On loan from the American Folk Art Museum, courtesy of Art Bridges, the installation of eight paintings by self-taught artist Clementine Hunter in the Brush Gallery reveals the unique story of a Black woman who discovered her creativity late in life. The installation is on view at MAG, beginning August 4, 2023, and will be ongoing.

Painting of a blocky red house against a green background, surrounded by stick figures in bright clothing.
Clementine Hunter (1886 or 1887 – 1988), Saturday Night, Natchitoches, Louisiana, 1968, acrylic on board, 24 x 16 in. American Folk Art Museum, New York, Gift of Mary Bass Newlin, 1989.9.1. Copyright Cane River Art Corporation, with special thanks to Thomas Whitehead. Photo by John Parnell.

How did a sharecropper in the American South, born just twenty-two years after slavery was abolished, become a celebrated artist? Artist Clementine Hunter’s paintings focus on Black people, featuring lively, simplified figures celebrating work and play in vibrant scenes of everyday rural Southern life. When she died at 101 years old, her work was exhibited across the United States. Today, her lively paintings, remarkable life, and prolific output have established her reputation as one of the country’s most significant self-taught artists of the twentieth century.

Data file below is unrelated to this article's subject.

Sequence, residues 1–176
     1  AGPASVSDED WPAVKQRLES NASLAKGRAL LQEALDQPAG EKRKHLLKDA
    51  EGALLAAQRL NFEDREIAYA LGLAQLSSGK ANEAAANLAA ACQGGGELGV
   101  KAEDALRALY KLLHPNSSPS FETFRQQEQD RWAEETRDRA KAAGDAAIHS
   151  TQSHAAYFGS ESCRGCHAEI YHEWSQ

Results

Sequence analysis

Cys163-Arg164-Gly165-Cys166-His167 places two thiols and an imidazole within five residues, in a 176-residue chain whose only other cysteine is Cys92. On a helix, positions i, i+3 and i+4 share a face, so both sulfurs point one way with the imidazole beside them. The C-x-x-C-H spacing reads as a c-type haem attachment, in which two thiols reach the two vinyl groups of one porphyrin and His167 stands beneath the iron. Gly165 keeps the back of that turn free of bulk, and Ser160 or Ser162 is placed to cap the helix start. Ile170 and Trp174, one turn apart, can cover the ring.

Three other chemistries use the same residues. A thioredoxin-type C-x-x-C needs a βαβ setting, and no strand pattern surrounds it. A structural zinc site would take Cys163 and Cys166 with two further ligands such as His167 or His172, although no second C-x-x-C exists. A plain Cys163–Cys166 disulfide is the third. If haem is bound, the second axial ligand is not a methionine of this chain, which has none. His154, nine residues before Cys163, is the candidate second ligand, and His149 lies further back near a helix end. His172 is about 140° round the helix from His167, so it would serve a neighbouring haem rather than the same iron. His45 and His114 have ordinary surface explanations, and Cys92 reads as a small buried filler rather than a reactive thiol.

In 1953 she gained national attention after Look magazine published an illustrated article about her. Two years before her death, in 1986, Clementine Hunter received an honorary doctorate degree in fine arts from Northwestern State University of Louisiana, a previously segregated university that in the 1960s had not allowed her on campus to view an exhibition of her own work. The Clementine Hunter installation will be supplemented with landscapes by other self-taught artists in MAG’s permanent collection and examples of Inuit stone sculptures featured in the Selwyn display case.

Generously lent by American Folk Art Museum as part of Art Bridges’ Collection Loan Partnership.

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